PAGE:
<p style="text-align: right;"><a href="">Indexed at</a>,&nbsp;<a href=";as_sdt=0%2C5&amp;q=Deputy+NP%2C+Sharma+AJ%2C+Kim+SY%2C+et+al.+Prevalence+and+characteristics+associated+with+gestational+weight+gain+adequacy.+Obstetr+and+Gynec.+2015%3B125%284%29%3A773.&amp;btnG=">Google Scholar</a>,&nbsp;<a href="">Cross Ref</a></p>

<ol start="8">

<li>Goldstein RF, Abell SK, Ranasinha S, et al. Association of gestational weight gain with maternal and infant outcomes: a systematic review and meta-analysis. JAMA. 2017;317(21):2207-25.</li>


<p style="text-align: right;"><a href="">Indexed at</a>,&nbsp;<a href=";as_sdt=0%2C5&amp;q=Association+of+gestational+weight+gain+with+maternal+and+infant+outcomes%3A+a+systematic+review+and+meta-analysis&amp;btnG=">Google Scholar</a>,&nbsp;<a href="">Cross Ref</a></p>

<ol start="9">

<li>Ferrari RM, Siega-Riz AM.&nbsp;<a href="">Provider advice about pregnancy weight gain and adequacy of weight gain.</a>Maternal and Child Health J. 2013;17(2):256-64</li>


<p style="text-align: right;"><a href="">Indexed at</a>,&nbsp;<a href=";as_sdt=0%2C5&amp;q=Provider+advice+about+pregnancy+weight+gain+and+adequacy+of+weight+gain&amp;btnG=">Google Scholar</a>,&nbsp;</p>

<ol start="10">

<li><u>Cross Ref</u>Stotland N, Tsoh JY, Gerbert B.&nbsp;<a href="">Prenatal weight gain: who is counseled?</a>. J Women's Health. 2012;21(6):695-701.</li>


<p style="text-align: right;"><a href="">Indexed at</a>,&nbsp;<a href=";as_sdt=0%2C5&amp;q=Prenatal+weight+gain%3A+who+is+counseled%3F.&amp;btnG=">Google Scholar</a>,&nbsp;<a href="">Cross Ref</a></p>


PCOS is a hormonal disorder affecting women of reproductive age. It's characterized by irregular menstrual periods, excess androgen levels, and polycystic ovaries.

The exact cause of PCOS is unknown, but factors include excess insulin, low-grade inflammation, and genetic predisposition.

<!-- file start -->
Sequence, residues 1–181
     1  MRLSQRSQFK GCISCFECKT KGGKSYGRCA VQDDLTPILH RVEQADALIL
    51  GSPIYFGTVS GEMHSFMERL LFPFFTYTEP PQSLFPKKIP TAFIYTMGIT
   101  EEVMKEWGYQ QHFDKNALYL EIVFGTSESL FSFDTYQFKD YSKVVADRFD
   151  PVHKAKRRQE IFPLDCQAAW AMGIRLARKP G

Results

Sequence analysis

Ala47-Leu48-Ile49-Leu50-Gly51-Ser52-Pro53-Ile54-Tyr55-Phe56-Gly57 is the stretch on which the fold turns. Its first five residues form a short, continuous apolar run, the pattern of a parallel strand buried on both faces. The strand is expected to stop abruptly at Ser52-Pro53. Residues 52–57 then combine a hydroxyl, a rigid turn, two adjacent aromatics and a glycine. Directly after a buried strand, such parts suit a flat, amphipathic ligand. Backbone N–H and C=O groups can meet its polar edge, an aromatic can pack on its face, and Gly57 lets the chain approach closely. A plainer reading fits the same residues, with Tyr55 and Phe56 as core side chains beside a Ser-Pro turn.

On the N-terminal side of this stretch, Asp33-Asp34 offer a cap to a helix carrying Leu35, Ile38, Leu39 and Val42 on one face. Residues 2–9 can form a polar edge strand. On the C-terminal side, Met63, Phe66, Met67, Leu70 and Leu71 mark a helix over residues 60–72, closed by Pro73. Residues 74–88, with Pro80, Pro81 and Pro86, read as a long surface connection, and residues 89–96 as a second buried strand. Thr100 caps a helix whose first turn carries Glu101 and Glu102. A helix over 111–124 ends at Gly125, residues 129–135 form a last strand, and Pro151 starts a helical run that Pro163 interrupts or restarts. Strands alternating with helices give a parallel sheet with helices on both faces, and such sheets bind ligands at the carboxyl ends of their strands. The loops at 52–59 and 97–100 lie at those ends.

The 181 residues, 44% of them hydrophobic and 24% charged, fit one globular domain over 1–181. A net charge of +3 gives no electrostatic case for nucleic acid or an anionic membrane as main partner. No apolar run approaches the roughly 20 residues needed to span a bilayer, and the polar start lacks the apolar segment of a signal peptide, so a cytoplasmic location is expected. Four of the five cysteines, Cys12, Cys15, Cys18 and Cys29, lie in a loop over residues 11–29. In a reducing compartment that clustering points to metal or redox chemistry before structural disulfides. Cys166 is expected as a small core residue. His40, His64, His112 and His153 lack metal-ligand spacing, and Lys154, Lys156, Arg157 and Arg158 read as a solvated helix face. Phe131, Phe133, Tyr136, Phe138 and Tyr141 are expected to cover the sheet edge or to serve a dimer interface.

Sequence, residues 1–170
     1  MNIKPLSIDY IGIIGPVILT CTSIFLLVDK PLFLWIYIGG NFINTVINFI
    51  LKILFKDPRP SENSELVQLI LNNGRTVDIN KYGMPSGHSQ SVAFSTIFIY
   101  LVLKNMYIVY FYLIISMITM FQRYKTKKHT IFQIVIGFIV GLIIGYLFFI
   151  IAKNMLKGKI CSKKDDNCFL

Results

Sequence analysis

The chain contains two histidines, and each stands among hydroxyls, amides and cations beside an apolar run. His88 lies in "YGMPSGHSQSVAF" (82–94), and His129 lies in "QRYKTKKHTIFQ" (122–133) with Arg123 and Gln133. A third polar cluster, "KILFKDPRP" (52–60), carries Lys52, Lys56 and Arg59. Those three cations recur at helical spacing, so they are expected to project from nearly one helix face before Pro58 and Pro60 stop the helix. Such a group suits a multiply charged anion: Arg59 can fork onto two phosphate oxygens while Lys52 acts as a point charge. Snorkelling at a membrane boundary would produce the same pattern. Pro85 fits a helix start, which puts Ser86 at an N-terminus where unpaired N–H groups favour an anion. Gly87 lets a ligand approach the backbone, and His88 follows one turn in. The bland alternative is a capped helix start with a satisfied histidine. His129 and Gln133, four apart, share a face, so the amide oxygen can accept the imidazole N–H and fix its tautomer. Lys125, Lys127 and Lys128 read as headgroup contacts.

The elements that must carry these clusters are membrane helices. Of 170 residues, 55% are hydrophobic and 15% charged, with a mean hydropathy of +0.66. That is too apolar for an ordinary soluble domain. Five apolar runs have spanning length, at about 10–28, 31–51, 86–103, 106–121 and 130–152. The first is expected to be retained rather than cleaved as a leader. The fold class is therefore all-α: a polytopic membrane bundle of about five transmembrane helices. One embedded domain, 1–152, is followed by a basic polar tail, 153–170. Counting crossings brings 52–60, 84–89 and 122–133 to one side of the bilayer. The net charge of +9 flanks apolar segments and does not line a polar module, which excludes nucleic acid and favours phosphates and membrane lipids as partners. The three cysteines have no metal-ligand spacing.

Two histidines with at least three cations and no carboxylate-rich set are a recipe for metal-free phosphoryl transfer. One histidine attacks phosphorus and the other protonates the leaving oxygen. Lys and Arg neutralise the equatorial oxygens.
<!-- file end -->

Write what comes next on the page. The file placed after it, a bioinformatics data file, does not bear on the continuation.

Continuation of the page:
Common symptoms include irregular periods, acne, obesity, and excessive hair growth. PCOS can also lead to infertility.

Treatment: Treatment typically involves lifestyle changes such as weight loss, medications to regulate menstrual cycles, manage symptoms like hair growth and acne, and fertility treatments if pregnancy is desired [1].

Overview: Endometriosis is a condition where tissue similar to the uterine lining grows outside the uterus, causing pain and potentially leading to infertility.

Causes: The exact cause of endometriosis is unclear, but possible factors include retrograde menstruation, embryonic cell transformation, and immune system disorders.

Symptoms: Symptoms include painful periods, pain during intercourse, pain with bowel movements or urination, excessive bleeding, and infertility.

Treatment: Treatments range from pain management (NSAIDs), hormonal therapies to reduce or eliminate menstruation, and surgical options for more severe cases [2].

Overview: ED is the inability to achieve or maintain an erection suitable for sexual intercourse. It can be a sign of underlying health conditions.

Causes: Causes can be physical (e.g., cardiovascular disease, diabetes, obesity), psychological (e.g., stress, anxiety, depression), or a combination of both.

Symptoms: The primary symptom is difficulty getting or keeping an erection. It may also involve reduced sexual desire.

Treatment: Treatments include lifestyle changes, counseling for psychological causes, medications like sildenafil (Viagra), and mechanical devices. In severe cases, surgical interventions may be considered [3].

Overview: PID is an infection of the female reproductive organs, often caused by sexually transmitted infections (STIs) like chlamydia and gonorrhea.

Causes: The primary cause is bacterial infection from STIs. Other causes include non-sexually transmitted bacteria introduced into the reproductive tract.

Symptoms: Symptoms can range from mild to severe and include pelvic pain, fever, abnormal vaginal discharge, painful urination, and irregular menstrual bleeding.

Treatment: PID is typically treated with antibiotics. Severe cases may require hospitalization and intravenous antibiotics. Early treatment is crucial to prevent complications like infertility [4].